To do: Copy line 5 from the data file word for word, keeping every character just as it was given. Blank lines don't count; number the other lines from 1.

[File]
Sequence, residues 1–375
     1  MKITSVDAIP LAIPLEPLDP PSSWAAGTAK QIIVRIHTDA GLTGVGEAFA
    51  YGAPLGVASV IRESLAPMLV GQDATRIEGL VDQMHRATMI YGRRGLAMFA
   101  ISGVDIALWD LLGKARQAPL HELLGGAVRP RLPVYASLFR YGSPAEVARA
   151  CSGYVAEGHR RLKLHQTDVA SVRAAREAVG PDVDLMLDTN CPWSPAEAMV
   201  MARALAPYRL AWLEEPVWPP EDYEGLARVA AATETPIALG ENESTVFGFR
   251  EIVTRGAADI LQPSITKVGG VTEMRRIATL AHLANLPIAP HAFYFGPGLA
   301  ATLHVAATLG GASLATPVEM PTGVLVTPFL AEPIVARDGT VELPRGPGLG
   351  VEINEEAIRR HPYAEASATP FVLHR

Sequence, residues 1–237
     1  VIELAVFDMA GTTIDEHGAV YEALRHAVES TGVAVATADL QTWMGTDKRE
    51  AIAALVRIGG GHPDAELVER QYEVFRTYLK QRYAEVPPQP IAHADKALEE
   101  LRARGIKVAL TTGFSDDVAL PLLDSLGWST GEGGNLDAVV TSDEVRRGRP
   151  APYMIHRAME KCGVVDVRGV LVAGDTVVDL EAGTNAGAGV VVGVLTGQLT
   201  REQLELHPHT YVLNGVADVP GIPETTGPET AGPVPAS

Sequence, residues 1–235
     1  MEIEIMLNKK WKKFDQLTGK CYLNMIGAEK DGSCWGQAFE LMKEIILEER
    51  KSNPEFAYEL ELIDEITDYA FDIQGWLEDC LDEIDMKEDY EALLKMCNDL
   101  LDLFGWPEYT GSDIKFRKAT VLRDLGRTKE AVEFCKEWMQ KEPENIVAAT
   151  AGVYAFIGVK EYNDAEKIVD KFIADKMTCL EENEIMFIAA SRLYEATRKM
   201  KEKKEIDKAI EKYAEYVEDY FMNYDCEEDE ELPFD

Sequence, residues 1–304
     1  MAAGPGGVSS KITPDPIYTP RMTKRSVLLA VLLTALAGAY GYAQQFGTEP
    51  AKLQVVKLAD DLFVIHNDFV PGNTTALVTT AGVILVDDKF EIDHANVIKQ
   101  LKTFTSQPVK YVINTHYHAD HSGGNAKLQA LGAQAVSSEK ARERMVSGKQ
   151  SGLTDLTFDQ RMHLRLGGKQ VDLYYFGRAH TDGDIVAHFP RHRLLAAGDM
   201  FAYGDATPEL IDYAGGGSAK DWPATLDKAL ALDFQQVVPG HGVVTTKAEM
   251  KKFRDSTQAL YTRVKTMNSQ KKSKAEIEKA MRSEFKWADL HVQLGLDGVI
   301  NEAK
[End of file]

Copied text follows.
   151  CSGYVAEGHR RLKLHQTDVA SVRAAREAVG PDVDLMLDTN CPWSPAEAMV